Posts by: zakbos

The Aeneid: Whose side are you on?

Are you #TeamDido or #TeamAeneas? Here at the office, we’re split on the question of who to root for. Prof. David Green — an ardent supporter of Team Aeneas — sympathizes with Dido’s plight, but recognizes the importance of duty over impious furor. However! Cat Dossett (CAS ’18) thinks that Dido doesn’t need Prof. Green’s sympathy. […]

Alumni Profiles: Howard Wang

Thanks for taking the time to let us know how you’re doing! Prof. Thornton Lockwood has let us know you were just accepted into Georgetown’s prestigious McCourt School of Public Policy. Congratulations! To begin, can we tell our readers how many years you spent at BU? I spent three years at BU in undergrad and […]

Study philosophy for better welders?

When Marco Rubio declared “We need more welders and less philosophers,” he was greeted with quite the bit of applause. This push for vocational work (shall we call it a populist appeal?) has become a central thread in the public conversation of this election season; this is likely motivated by continuing concerns about economic recovery […]

Vox Pop: Responses to a Faust lecture

Now I’ve studied philosophy, Jurisprudence too, and medicine, And even, sad to say, theology, Thoroughly, with great exertion. And here I am, poor fool, Not one bit wiser than before! from Faust, trans.Kirby In his CC 202 lecture yesterday, Prof. William Waters spoke about Goethe’s Faust, enlivening the talk by playing a recording of Janet […]

What Core’s reading these days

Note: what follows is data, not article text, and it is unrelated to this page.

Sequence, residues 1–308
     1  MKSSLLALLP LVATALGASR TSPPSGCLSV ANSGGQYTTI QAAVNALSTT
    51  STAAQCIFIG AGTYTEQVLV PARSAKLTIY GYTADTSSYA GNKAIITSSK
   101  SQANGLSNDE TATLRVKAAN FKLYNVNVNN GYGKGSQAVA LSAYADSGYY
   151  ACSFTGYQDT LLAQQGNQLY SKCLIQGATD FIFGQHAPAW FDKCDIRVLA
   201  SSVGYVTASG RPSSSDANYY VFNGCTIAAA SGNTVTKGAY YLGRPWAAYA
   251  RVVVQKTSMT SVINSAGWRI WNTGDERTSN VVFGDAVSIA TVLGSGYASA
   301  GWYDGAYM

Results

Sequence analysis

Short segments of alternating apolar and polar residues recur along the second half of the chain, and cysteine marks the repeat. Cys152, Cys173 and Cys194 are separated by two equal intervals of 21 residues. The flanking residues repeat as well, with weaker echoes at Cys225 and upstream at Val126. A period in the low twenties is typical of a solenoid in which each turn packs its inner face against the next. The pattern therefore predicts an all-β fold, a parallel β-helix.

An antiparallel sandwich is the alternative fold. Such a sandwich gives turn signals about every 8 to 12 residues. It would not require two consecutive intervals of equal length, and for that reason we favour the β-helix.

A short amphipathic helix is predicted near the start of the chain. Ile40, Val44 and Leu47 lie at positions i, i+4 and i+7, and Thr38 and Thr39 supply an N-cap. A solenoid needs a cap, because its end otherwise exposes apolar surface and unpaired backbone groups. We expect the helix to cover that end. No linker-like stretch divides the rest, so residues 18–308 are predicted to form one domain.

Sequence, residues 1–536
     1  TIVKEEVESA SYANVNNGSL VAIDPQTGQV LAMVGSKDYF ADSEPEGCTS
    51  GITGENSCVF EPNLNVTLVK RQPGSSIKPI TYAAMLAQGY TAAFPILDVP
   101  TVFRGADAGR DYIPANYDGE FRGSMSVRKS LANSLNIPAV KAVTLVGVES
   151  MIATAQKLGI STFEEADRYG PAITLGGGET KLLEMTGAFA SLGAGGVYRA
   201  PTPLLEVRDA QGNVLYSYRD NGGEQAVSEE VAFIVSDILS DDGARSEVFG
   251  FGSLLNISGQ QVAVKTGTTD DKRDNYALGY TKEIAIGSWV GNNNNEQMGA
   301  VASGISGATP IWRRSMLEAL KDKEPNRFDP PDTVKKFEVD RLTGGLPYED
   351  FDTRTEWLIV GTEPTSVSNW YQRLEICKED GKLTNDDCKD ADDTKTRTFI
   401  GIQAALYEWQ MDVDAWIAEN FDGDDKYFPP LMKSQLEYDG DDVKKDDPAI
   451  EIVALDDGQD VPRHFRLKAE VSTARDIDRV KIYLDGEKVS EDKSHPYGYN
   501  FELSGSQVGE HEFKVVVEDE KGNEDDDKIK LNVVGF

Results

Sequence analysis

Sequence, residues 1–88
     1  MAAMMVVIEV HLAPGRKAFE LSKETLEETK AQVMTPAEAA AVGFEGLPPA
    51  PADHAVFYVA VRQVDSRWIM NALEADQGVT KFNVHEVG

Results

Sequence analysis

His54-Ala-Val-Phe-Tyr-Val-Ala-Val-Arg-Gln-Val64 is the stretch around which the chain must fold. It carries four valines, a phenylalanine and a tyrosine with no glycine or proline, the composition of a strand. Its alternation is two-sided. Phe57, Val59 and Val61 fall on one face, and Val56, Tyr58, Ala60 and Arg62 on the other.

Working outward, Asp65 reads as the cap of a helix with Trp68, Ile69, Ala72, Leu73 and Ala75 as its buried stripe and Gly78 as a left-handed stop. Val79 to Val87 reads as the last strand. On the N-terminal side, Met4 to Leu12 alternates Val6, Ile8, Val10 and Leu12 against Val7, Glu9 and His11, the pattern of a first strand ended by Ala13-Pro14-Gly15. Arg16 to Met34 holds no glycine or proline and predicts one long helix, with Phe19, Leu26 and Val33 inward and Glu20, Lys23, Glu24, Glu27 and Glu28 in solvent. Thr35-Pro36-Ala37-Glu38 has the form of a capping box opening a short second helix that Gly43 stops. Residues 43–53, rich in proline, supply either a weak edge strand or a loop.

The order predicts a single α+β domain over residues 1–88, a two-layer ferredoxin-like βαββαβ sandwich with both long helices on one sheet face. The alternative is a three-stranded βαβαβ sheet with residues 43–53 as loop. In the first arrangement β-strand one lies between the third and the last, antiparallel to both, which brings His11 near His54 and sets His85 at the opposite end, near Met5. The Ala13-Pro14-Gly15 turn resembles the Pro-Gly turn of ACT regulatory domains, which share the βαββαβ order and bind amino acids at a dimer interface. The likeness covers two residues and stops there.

According to Joseph Addison: Reading is to the mind what exercise is to the body. We agree! With the abundance of minds that come and go about the Core office, we from time to timecollect a list of what current students are reading. Seldom are we disappointed by the variety of experiences. On a recent […]

What’s great about Goethe?

That Goethe is being read as part of CC202 speaks to his profound impact on literature. A writer whose works mimicked his life (or perhaps the opposite), Goethe felt a longing, a hiraeth perhaps, for something truehe wanted experience for experiences sake. Yet, can it be recounted when Goethe was last mentioned outside of the […]

For the Love of Dog!

The following post was originally published on the BU Culture Shock blog. Read Emmy Parks post, God is a Canine. Emmy lands on a conclusion that Id like to start with: What is God spelled backwards? Dog. God is with us, anyways. God is a dog. God is a dog. Or, ratherand here Id like […]

Life’s Prehistory, Summarized

In the latest video created by Core Learning Assistant Gregory Kerr, find a lighthearted and comedic look at recent topics covered in CAS CC 111: Origins. How lighthearted? Well, this will probably be the only time you find Cake Boss, Kevin Spacey, cat memes, involuntary defenestration, and Jar-Jar Binks brought in to help explain rough […]

Class Distinctions Photo

From Prof. David Green, a photo of one of the extraordinary paintings the Core group saw at the Class Distinctions exhibition at the Museum of Fine Arts, Boston this past Friday: Abraham del Court and Maria de Keersegieter, 1654, Bartholomeus van der Helst. Current Core student? Alum in the Boston area? Let us know if […]

Hamlet in a Jordanian refugee camp

Prof. Hamill (who lectured last week in CC 201 on Hamlet, as it happens) brings to our attention this photo essay from The Guardian: Photojournalist Sarah Lee travelled to Jordan with the Globe Theatres touring Hamlet production. Aiming to visit every country in the world to commemorate the 450th anniversary of Shakespeares birth, and the […]